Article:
Watching "Frontier," there were two times I snapped my finger, pointed at the screen, and thought, 'Moffat had this in mind when writing "Listen"': the first was seeing the Doctor get knocked out and his forehead bloodied -- when it happened in "Listen," I thought, 'we almost never see him actually cut in a scuffle', so when it happened again in "Frontier" it felt like a deliberate repetition; but, I might not have even remembered the thought if the second thing hadn't happened, the Doctor using the TARDIS's telepathic interface on the center console, which Clara uses in "Listen."

Maybe I'm noticing coincidental similarities and it's just my pattern recognition heuristics running hot, but this is a perfect example of what I'd hoped would happen when I decided to do this complete series re-watch non-sequentially, that bouncing back and forth between classic and new series stories would spark recognition of similarities or differences around thematic elements that I might otherwise not recall if fully immersed in one era.

Here's a nifty bit of casting: the news anchor reporting on reaction to another presumed Draconian attack on an Earth cargo ship, he's played by the same actor, Louis Mahoney, who played the aged police officer Sally Sparrow spends a rainy afternoon with in "Blink"!

Image via Doctor Who Randomness

Image via Doctor Who Randomness
A few of the props used in the is production are decidedly unfuturistic looking. The sippy cups used by the prisoners of the lunar penal colony for one. The chairs outfitted with seatbelts for the various space ships look like they came right off the showroom floor of a local furniture gallery.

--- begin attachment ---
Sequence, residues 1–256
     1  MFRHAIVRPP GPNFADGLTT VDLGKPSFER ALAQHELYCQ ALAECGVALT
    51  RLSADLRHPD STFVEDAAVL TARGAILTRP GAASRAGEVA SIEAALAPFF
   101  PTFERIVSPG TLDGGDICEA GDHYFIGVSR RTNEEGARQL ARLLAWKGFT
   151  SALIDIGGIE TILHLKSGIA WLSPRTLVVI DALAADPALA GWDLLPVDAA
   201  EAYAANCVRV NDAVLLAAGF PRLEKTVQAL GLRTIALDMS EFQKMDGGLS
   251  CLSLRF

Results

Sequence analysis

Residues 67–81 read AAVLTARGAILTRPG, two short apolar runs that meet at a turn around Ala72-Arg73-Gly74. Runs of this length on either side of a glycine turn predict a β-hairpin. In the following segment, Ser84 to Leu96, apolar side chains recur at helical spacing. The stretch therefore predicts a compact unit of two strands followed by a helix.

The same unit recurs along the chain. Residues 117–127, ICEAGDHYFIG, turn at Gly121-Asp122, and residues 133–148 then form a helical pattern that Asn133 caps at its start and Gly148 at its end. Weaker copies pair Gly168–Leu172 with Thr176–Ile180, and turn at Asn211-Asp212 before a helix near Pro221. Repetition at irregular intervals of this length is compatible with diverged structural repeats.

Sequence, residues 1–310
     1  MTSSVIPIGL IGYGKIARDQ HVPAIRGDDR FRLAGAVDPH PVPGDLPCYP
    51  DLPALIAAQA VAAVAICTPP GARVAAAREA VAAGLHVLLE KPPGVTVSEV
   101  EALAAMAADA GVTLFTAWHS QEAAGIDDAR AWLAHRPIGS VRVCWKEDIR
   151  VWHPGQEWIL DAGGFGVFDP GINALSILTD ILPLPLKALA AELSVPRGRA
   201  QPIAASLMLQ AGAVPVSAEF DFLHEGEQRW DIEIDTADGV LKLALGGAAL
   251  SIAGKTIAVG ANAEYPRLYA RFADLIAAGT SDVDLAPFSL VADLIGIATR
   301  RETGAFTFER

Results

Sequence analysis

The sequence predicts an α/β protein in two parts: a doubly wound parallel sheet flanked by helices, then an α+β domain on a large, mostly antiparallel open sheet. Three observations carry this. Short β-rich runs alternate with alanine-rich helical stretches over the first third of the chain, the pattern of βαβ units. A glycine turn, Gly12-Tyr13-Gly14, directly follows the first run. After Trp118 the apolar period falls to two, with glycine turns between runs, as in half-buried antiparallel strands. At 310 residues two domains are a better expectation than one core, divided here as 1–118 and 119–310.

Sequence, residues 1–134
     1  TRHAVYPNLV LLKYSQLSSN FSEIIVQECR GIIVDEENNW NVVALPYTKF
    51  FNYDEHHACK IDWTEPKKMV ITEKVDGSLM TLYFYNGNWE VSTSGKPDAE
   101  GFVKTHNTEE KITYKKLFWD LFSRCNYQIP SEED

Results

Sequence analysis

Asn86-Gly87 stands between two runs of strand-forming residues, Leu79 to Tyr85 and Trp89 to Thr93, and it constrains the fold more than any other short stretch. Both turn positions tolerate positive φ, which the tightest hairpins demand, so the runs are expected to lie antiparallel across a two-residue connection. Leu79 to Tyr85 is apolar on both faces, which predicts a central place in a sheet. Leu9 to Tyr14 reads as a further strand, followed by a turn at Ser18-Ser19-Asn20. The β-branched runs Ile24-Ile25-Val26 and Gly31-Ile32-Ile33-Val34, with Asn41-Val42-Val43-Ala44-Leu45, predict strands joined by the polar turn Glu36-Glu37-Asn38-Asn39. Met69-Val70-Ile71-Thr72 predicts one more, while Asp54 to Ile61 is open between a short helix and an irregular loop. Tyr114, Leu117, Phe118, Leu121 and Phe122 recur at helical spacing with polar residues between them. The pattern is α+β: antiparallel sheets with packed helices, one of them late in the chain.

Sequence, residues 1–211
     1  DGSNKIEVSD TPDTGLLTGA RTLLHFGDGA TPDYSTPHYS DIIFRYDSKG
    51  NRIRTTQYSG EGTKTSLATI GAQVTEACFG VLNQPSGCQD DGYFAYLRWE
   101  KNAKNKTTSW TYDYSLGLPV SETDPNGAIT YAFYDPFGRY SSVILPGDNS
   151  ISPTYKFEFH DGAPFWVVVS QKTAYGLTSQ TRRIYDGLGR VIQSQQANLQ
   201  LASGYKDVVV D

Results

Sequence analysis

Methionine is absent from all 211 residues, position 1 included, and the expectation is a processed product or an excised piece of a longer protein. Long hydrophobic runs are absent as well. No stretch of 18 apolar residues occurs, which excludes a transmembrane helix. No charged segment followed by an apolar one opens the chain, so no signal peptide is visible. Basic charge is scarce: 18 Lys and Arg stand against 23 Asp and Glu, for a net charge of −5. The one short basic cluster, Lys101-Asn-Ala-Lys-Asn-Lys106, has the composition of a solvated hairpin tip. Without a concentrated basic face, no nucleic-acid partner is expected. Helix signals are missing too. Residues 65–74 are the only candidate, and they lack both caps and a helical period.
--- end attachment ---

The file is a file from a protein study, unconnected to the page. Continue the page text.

On sad note, this is the last appearance of Roger Delgado as the Master. He died in a car crash a few months after this story aired while working on location in Turkey.



Saturday, September 13, 2014

Listen - "Fear doesn't have to make you cruel or cowardly -- fear can make you kind."

Listen (Doctor Who) - Wikipedia, the free encyclopedia

Series 8, Story 4 (Overall Series Story #249)

*SPOILERS*

Image via TURoB

"Fear makes companions of us all," is something the Doctor will say later, as we saw earlier in "An Unearthly Child." But as a young boy, sleeping out in a barn -- a barn he'll come back to full of fear after years of soldiering -- he hears it for the first time from Clara. Yep, Moffat went there.

Listen, that's the sound of the canon opening a crack to admit tiny bit more of the Doctor's past. Moffat has more than dabbled in this arena already, of course, but when Clara showed up all through the Doctor's timeline earlier, we didn't see anything from before the time of the aged Hartnell Doctor, only that moment where he and Susan steal the TARDIS. The introduction of a whole 'nother Doctor between Eight and Nine was shocking, but this feels somewhat more transgressive, the reveal the child in the barn (who won't ever make a Time Lord, one of his caretakers worries) is the Doctor himself is something we've never seen, and never expected to see.